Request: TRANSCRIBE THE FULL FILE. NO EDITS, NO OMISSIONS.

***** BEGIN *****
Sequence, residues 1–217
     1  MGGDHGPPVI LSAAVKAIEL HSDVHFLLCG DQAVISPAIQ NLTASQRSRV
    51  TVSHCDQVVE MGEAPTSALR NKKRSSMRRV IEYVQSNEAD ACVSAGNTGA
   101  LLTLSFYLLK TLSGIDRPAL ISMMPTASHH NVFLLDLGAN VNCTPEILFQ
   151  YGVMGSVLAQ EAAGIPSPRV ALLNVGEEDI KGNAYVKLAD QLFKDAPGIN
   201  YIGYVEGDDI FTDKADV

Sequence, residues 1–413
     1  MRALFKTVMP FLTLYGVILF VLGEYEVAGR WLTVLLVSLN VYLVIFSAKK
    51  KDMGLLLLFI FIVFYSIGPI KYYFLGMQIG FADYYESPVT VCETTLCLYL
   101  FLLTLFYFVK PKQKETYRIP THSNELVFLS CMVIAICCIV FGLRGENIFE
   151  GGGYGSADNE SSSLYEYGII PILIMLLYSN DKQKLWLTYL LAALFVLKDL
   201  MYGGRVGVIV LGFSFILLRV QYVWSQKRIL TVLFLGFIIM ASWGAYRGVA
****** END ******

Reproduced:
Sequence, residues 1–217
     1  MGGDHGPPVI LSAAVKAIEL HSDVHFLLCG DQAVISPAIQ NLTASQRSRV
    51  TVSHCDQVVE MGEAPTSALR NKKRSSMRRV IEYVQSNEAD ACVSAGNTGA
   101  LLTLSFYLLK TLSGIDRPAL ISMMPTASHH NVFLLDLGAN VNCTPEILFQ
   151  YGVMGSVLAQ EAAGIPSPRV ALLNVGEEDI KGNAYVKLAD QLFKDAPGIN
   201  YIGYVEGDDI FTDKADV

Sequence, residues 1–413
     1  MRALFKTVMP FLTLYGVILF VLGEYEVAGR WLTVLLVSLN VYLVIFSAKK
    51  KDMGLLLLFI FIVFYSIGPI KYYFLGMQIG FADYYESPVT VCETTLCLYL
   101  FLLTLFYFVK PKQKETYRIP THSNELVFLS CMVIAICCIV FGLRGENIFE
   151  GGGYGSADNE SSSLYEYGII PILIMLLYSN DKQKLWLTYL LAALFVLKDL
   201  MYGGRVGVIV LGFSFILLRV QYVWSQKRIL TVLFLGFIIM ASWGAYRGVA